I still think that the richer countries are stuck subsidizing the poorer countries. It seems to me that not facing up to this fact is simply adding to the current bill, but that's their choice.

Does it strike you as strange that you would post a 1995 article.

That was the third year of the Clinton administration.


George Alogoskoufis is the single author of that article. The other two are discussants.

Notwithstanding individual counter-examples, on the whole I think democracies have better economic policies than autocracies. Autocrats spend resources glorifying themselves, erecting great building and monuments and trying to conquer their neighbors. In democracies at least the taxpayers have a say.

The U.S has a lovely little perfect storm brewing in terms of runaway spending. It has the big right wing spending project known as the industrial military complex or the military budget and we have the lovely little left wing spending project known as the welfare state. At some point something is going to have to give.

Al: switzerland also has a homogenous culture which makes everything much simpler and more robust.

Is Greece less homogeneous than Switzerland?

It turned bad at the after the junta ended. It matters what the autocratic government is doing. The junta, like Pinochet in Chile, was anti-socialist, anti-communist. Probably democracy would have been restored in the 1980s sometime, if they could have held on. Hopefully by that time, leftist stupidity would have been beaten back by the evidence of reality, as we see in Chile, where the left has not undone the reforms.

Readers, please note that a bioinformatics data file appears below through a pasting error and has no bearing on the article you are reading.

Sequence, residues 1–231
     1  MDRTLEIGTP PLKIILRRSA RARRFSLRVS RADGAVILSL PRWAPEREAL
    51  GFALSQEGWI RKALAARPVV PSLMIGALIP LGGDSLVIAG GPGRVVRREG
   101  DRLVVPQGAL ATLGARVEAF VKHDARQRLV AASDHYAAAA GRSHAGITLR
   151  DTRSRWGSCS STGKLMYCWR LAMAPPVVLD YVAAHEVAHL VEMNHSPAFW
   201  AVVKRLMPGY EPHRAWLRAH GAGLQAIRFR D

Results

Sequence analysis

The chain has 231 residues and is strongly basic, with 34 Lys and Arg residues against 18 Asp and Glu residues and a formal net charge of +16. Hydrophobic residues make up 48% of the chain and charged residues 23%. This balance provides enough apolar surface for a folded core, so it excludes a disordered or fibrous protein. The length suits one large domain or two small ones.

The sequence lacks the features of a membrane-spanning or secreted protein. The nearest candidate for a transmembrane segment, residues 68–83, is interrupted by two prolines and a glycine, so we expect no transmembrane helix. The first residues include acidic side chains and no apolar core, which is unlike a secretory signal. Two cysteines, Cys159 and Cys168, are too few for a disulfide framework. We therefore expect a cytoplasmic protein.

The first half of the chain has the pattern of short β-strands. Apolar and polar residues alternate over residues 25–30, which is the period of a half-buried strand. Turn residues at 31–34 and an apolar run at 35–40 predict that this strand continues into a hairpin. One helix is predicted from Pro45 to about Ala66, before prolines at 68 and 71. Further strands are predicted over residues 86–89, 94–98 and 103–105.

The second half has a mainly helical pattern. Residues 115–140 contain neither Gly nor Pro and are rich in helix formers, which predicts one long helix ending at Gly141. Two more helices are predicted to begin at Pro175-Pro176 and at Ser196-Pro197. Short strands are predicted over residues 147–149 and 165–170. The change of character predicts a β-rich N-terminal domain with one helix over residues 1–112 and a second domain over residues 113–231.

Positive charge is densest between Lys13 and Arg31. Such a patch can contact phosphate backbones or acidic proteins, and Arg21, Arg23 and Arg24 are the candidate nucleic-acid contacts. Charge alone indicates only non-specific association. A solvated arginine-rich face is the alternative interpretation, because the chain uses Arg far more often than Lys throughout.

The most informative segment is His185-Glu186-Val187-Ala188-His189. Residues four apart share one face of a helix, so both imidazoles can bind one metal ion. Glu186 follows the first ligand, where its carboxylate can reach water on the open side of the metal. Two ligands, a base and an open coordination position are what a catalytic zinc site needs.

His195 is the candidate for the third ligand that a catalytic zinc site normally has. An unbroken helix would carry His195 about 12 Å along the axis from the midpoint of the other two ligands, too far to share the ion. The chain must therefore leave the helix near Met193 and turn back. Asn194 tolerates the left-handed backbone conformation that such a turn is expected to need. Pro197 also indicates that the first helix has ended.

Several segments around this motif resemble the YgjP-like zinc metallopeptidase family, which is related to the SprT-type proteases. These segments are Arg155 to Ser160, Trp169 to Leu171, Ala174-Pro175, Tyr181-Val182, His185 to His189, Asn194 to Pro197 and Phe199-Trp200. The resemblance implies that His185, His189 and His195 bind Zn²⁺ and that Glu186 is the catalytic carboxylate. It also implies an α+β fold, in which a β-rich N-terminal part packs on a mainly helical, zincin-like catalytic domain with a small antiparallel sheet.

This is Sunday's NYT front page article on tax cheating in Greece.


Someone must be reading these comments.

I think democracy would not have lead to this problem if everyone with skin in the game were paying.

Let's say you're a doctor, and don't pay taxes. What interest do you have to vote? In contrasts, what interest do civil servants have to vote?

As to Turkey, it seems that civic engagement has devolved to another way of organizing people--rather than around common control of the government because they share in tax burden and benefits--but rather around religion.

Looking at Iran, that's a real good idea.

"On the other hand, Turkey, with tax evasion about on the same level, and high military spending, seems to do quite well. Why don't you meditate on this contrast?"

Your answer:

"As to Turkey, it seems that civic engagement has devolved to another way of organizing people--rather than around common control of the government because they share in tax burden and benefits--but rather around religion."

I'm not sure how that addresses the issue of why Turkey, with the same tax evasion problem, is currently in a different situation from Greece. Your answer is that Turkey is different because civic engagement revolves around religion? I'm not seeing the connection between your answer and the previous question.

"I still think that the richer countries are stuck subsidizing the poorer countries." It's going to be hard to tell which is which.

Yancey, I am not saying that the Greeks should not correct their fiscal problems through budgetary actions, but I am saying you cannot have tax evasion of this magnitude and not have a problem. Closing tax evasion enables lower rates; what they will probably do is raise taxes in a manner that is less likely to be evaded, but which is not optimal for economic activity, unless they want to default.


You are misidentifying the problem. Greece needs a complete new governmental system. Brushing off just few of the parasites only prolongs their misery. However, doctorpat in the comment above this one knocks it out of the park. Beautiful!

Comments for this post are closed